The main difference between our professional treatments and at-home options is the intensity of the dosage of 10-LED blue arc light to cure and activate the bleaching gel that doesn’t dehydrate or cause irritation in most patients.
Teeth whitening is also not permanent. Results can last for a few weeks to a year, depending on the type of product you use, or if you went to your dentist for treatment. It’s important that you continue taking care of your teeth and avoid certain habits that lead to darker teeth, such as smoking, to begin with.
Charcoal Teeth Whitening, Is It Safe?
Charcoal “activated” whitening toothpastes have become all the rage. It’s believed that charcoal can remove pigmentation and stains from teeth because it’s highly absorbent and also gets rid of bacteria and toxins that can lead to gum disease.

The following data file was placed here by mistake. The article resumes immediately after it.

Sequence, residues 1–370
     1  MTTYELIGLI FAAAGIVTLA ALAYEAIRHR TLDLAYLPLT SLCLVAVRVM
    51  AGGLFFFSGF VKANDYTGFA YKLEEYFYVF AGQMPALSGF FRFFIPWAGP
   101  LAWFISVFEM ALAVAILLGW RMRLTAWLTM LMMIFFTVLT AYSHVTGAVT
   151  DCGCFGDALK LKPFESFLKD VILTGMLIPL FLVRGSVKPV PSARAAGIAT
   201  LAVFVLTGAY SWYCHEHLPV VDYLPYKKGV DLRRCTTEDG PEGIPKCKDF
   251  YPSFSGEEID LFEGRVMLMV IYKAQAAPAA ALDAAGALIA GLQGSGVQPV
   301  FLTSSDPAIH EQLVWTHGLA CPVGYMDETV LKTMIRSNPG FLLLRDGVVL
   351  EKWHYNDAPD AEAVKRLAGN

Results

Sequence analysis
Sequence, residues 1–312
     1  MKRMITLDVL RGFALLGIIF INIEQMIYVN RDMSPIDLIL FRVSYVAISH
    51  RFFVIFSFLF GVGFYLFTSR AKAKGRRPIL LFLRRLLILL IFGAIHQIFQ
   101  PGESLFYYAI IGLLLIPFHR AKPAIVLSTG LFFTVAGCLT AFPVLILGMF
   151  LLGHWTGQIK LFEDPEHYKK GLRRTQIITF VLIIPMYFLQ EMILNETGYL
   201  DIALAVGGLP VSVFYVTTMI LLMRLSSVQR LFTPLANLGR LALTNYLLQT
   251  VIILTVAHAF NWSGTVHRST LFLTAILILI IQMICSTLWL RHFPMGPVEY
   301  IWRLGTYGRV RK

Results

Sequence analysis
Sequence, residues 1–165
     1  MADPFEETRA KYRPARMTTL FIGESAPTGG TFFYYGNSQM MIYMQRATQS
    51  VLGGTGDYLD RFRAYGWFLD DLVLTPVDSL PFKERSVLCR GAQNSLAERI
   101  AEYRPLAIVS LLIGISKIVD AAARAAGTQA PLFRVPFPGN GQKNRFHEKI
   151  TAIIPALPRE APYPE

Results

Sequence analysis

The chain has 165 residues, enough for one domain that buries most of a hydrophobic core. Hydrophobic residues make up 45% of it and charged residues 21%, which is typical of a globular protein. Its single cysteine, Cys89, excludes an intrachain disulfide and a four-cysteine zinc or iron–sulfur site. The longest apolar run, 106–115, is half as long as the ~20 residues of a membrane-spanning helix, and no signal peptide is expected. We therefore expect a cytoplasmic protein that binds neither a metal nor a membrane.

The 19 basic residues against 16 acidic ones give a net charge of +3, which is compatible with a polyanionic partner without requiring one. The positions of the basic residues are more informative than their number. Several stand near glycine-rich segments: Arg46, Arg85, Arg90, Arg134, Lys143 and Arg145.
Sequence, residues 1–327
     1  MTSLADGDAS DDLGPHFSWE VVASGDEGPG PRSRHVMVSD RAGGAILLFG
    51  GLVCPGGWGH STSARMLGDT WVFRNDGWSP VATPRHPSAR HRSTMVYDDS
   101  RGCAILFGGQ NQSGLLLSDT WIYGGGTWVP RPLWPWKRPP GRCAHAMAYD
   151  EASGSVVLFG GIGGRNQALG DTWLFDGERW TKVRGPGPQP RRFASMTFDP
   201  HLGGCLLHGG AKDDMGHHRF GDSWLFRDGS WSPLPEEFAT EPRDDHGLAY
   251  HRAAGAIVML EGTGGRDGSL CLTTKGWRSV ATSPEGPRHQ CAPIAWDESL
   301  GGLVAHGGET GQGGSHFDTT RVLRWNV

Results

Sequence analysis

However, there is no scientific evidence that charcoal “activated” whitening toothpastes are effective at whitening your teeth, nor is there evidence that it is safe. The American Dental Association specifically does not recommend it, as activated charcoal can actually be too abrasive and potentially damage your teeth as the fine-grained powder is made from various ingredients, such as coconut, olive pits, wood chips, and peat.
In some cases, your teeth may not respond to any over-the-counter teeth whitening products like charcoal products due to the grittiness of the products. The abrasive properties may remove surface stains and plaque from your teeth, but essentially, it removes the tooth’s surface enamel. With ongoing, repeated use, the “charcoal” actually starts to wear through the top layer of the tooth, or enamel, revealing the soft dentin beneath, making your teeth appear more yellow.
Patients who have orthodontics want their teeth to be as sparkly and bright as possible once their braces have been removed. But is charcoal teeth whitening safe for braces? Using activated charcoal products is not recommended, and it’s best to wait until your braces have been fully removed to have your teeth’ surface professionally whitened to remove darker enamel patches.